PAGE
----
Only U.S. citizens or students with permanent resident status and who are admitted to an ABA-approved law school as a first-year law student for the fall 2021 academic year, are eligible for the program.

Yes. However, if you receive another tuition and/or room and board scholarship, those portions of your MMSP award will be reduced by the amount of scholarship(s) received from other sources. In most cases, this reduction only applies to the tuition portion of the scholarship.  All other non-monetary program benefits will be available to you.

Yes. All participants must meet the requirements for admission to an ABA-approved law school as a first-year law student.

Yes, you are eligible to participate so long as you are admitted to an ABA-approved law school as a first-year student for the fall 2021 academic year.

No, applicants must intend to enroll at an ABA-approved law school as a first-year law student for the upcoming fall academic year.

No application is complete without LSAT/GRE Score Report at the time of submission.

At this time, the program does not accommodate students in joint degree programs.

  • The program is designed to support the development of aspiring lawyers who are enrolled in a traditional, 3-year full time JD program.  

However, please visit LDF Scholarships to learn about other opportunities. 

  • At this time, the program is designed to support the development of aspiring lawyers who are admitted, or expect to be admitted, to an ABA-accredited law school as a first-year, full-time law student to begin in the fall. Additionally, law students who have completed one or more semesters of law school or who intend to defer enrollment are not eligible.  

Please visit Fellowships & Internships to learn more about other LDF opportunities for which you may be eligible. 

The practice of civil rights law in pursuit of racial justice in the South is defined as follows:

  • law practice at a national, regional, or local civil rights organization with a racial justice law practice in the South (e.g., Advancement Project, ACLU’s Racial Justice Project, Equal Justice Initiative, Lawyer’s Committee for Civil Rights Under Law, Southern Coalition for Social Justice);
  • law practice at the Department of Justice’s Civil Rights Division;
  • law practice in the Civil Rights Division of a State Attorney’s General Office where the focus is on issues of racial justice on behalf of African Americans,
  • law practice as a qualifying private law entity, including solo or independent practice in which 75% or more of the caseload involves racial justice advocacy on behalf of African Americans; or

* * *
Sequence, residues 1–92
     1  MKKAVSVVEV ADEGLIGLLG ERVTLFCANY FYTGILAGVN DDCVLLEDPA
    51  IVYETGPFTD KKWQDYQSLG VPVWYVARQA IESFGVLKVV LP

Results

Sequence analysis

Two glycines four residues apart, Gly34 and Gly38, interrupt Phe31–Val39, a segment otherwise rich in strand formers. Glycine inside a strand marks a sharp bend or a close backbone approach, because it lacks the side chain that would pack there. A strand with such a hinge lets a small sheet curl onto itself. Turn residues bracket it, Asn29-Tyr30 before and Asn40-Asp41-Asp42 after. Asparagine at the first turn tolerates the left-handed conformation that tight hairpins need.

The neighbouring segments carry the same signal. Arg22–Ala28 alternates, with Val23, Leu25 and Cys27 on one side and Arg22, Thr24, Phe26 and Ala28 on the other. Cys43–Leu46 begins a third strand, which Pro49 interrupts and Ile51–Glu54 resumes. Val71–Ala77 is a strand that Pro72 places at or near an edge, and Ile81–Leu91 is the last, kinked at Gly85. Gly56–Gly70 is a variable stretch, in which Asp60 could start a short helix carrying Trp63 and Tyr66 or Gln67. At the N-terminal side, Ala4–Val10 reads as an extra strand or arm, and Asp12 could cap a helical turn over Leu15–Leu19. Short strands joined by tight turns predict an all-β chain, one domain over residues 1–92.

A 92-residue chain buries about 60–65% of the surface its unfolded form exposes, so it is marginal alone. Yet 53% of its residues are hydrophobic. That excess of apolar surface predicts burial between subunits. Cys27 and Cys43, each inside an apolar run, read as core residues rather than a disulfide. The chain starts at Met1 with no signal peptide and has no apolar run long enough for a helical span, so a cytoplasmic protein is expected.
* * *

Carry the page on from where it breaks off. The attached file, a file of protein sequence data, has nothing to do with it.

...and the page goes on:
• other law practice in pursuit of racial justice that the LDF and similar civil rights organizations have pioneered and developed.

  • During the fellowship portion of MMSP, participants may not select the state they will complete their fellowship. Following graduation from an ABA-accredited law school, participants will serve for two years at national, regional, or local civil rights organizations with a racial justice law practice in the South. LDF will work with partners to help place participants in these fellowships and will provide guidelines for the participant partner organizations to ensure that the training and exposure the participant receives provides adequate training for a future career in civil rights law.
  • During the 8-year post fellowship commitment, participants may select the state in the South in which to practice. For purposes of the MMSP, “the South” or “southern United States” is defined as follows: Alabama, Arkansas, Florida, Georgia, Kentucky, Louisiana, Mississippi, Missouri, North Carolina, South Carolina, Tennessee, Texas, and Virginia. 

No. In general, the program does not support those who intend to pursue a career as a public defender, prosecutor, or government lawyer.

  • With the exception of law practice at the Department of Justice’s Civil Rights Division or law practice in the Civil Rights Division of a State Attorney’s General Office where the focus is on issues of racial justice on behalf of African Americans.
  • The MMSP is designed specifically to develop the private civil rights bar and create a robust network of practicing attorneys delivering legal services to Black communities in cities throughout the South. We are seeking candidates who are committed to pursuing racial justice via a career in civil rights law as a discrete practice area. 

No. The program is designed to support the development of aspiring lawyers who are enrolled in a traditional, 3-year full-time JD program.

No. There is no age restriction for this program.  

  • The aim of the MMSP is to seed the South with a cohort of well-trained and highly dedicated civil rights attorneys to provide superior legal representation to African American communities.